Before undertaking the description of the embodiment, the function and effect of the present invention will be explained. In the present invention, in the electronic imaging apparatus mounting the zoom lens of a high zoom ratio and small F-number, a slim design relating to the depth and a wide angle of view are made compatible. In particular, the zoom lens, having the focal length in the proximity of the wide-angle position, is constructed so that an image with large-barrel distortion is intentionally formed on the electronic image sensor. By doing so, the information of the wide angle of view can be acquired without rendering the optical system bulky.

In the present invention, the barrel-distorted image is photoelectrically converted through the image sensor into image data. The image data are electrically corrected and processed, corresponding to a shape change (image distortion), through a signal processing system incorporated in the electronic imaging apparatus. That is, the image data output from the electronic imaging apparatus contain image distortion, which is digitally corrected. By doing so, when the image data secured through the image sensor are reproduced on a display device, an image very similar to the object is finally obtained.

Here, reference is made to a basic conception for digitally correcting the image distortion. The magnification on a circle (image height) of a radius R coming into contact with the major sides of the effective imaging surface is made constant, with an intersection of the optical axis and the imaging surface as a center, and this circle is used as a reference of correction. Individual points on circles (image heights) of given radii r(ω) are almost radially moved. In this case, the individual points are moved concentrically so that the radii r(ω) become radii r′(ω). By doing so, the image distortion is corrected. Also, it is needless to say that the circles of the given radii r(ω) are the ones other than the circle of the radius R

An example of the correction is shown in FIG. 1. In FIG. 1, points located inside the circle of the radius R should be corrected toward the center of the circle R. Thus, these pints are moved toward the center of the circle. Points located outside the circle of the radius R should be corrected toward the exterior of the circle. Thus, these points are moved toward the exterior of the circle.

For example, a point P1 on the circle of a radius r1(ω) is located inside the circle of the radius R. Thus, the point P1 is moved to a point P2 on the circle of a radius r1′(ω) (<the radius r1(ω). A point Q1 on the circle of a radius r2(ω) is located outside the circle of the radius R. Thus, the point Q1 is moved to a point Q2 on the circle of a radius r2′(ω) (> the radius r2(ω)). Also, a point situated inside the circle of the radius R may be moved toward the exterior of the circle. Similarly, a point situated outside the circle of the radius R may be moved toward the interior of the circle. How the point is moved varies with the image distortion.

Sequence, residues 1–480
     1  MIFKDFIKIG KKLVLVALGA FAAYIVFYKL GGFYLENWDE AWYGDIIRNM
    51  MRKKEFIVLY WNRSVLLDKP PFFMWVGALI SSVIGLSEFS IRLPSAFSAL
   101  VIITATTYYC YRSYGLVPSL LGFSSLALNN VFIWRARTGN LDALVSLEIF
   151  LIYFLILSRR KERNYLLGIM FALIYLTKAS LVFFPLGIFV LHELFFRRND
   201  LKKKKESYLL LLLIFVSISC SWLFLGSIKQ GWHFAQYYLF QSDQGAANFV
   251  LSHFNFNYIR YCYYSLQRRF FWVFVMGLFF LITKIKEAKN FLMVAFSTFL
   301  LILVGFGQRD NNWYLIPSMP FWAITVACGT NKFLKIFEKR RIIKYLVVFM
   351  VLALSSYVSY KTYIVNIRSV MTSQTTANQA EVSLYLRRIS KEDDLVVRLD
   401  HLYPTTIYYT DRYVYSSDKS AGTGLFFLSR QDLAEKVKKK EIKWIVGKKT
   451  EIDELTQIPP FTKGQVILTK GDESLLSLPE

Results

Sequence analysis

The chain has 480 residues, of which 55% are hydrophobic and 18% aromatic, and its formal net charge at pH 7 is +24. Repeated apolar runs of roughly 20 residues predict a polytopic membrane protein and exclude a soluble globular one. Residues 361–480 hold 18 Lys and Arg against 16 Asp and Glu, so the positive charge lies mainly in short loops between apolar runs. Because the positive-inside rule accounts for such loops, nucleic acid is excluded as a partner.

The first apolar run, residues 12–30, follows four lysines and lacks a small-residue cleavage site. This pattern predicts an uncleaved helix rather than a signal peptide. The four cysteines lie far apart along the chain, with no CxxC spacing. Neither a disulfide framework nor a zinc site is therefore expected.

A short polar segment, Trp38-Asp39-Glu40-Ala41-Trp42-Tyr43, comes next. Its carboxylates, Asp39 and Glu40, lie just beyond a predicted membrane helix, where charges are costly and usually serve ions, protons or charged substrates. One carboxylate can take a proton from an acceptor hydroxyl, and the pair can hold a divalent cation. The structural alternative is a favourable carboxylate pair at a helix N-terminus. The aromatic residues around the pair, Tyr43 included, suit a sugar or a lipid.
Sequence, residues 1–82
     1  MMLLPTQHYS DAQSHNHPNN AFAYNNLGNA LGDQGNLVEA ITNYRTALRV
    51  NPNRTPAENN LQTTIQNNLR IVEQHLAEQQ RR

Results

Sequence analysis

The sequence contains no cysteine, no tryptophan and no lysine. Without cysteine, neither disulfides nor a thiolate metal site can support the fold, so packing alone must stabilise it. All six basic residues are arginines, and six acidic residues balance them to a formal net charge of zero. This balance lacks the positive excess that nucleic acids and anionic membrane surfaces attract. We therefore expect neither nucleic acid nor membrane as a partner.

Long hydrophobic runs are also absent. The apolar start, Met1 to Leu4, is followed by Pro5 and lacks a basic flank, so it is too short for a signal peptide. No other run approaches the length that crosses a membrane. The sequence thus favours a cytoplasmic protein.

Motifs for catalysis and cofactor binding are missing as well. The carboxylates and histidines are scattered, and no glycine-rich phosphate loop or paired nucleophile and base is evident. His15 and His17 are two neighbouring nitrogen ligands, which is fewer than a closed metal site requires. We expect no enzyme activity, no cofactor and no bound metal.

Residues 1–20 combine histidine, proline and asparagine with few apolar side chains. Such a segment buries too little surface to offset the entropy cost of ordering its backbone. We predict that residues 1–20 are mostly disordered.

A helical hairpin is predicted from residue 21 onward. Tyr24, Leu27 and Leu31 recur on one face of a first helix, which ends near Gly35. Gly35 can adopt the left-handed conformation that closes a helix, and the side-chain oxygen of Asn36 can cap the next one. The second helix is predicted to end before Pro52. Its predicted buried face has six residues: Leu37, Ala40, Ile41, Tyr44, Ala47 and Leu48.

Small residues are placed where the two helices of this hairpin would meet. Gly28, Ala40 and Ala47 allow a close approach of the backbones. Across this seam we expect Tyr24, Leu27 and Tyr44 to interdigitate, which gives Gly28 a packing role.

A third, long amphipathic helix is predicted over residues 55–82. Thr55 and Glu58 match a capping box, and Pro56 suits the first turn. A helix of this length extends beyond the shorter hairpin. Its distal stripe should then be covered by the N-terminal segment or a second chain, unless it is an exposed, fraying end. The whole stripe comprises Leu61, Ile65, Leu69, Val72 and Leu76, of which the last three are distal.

Here, the radius r′(ω) can be expressed as follows:
r′(ω)=αf tan ω(0≦α≦1)
where ω is the half angle of view of the object and f is the focal length of an imaging optical system (the zoom optical system of the present invention).

Here, when an ideal image height corresponding to a point on the circle (image height) of the radius R is represented by Y, the following result is obtained:
α=R/Y=R/f tan ω

Ideally, the optical system is rotationally symmetrical about the optical axis. Hence, distortion is also produced rotationally symmetrical about the optical axis. Thus, when distortion optically produced is electrically corrected, as mentioned above, the magnification on the circle (image height) of the radius R coming into contact with the major sides of the effective imaging surface is made constant, with an intersection of the optical axis and the imaging surface as a center, on a reproduced image. Then, individual points on the circles (image heights) of the radii r(ω) other than the circle of the radius R are almost radially moved. In this case, the individual points are moved concentrically so that the radii r(ω) become radii r′(ω). By doing so, when the image distortion can be corrected, it is considered that this is advantageous for amounts of data and calculation.

However, an optical image, when formed by the electronic image sensor, ceases to be continuous. This is because the optical image is sampled by individual pixels of the electronic image sensor. Therefore, unless the pixels of the electronic image sensor are radially arrayed, the circle of the radius R drawn on the optical image ceases to be accurate at all. That is, when the image data are indicated by individual points of discrete coordinates, there is no circle that the magnification can be made constant in the shape correction of the image data. It is thus good practice to use a method of determining coordinates (Xi′, Yj′) of moved points in accordance with pixels (Xi, Yj). When at least two points of the pixels (Xi, Yj) are moved to the coordinates (Xi′, Yj′), the average value of the pixels is taken. When there is no moving point, it is only necessary that the values of the coordinates (Xi′, Yj′) of some surrounding pixels are used for interpolation.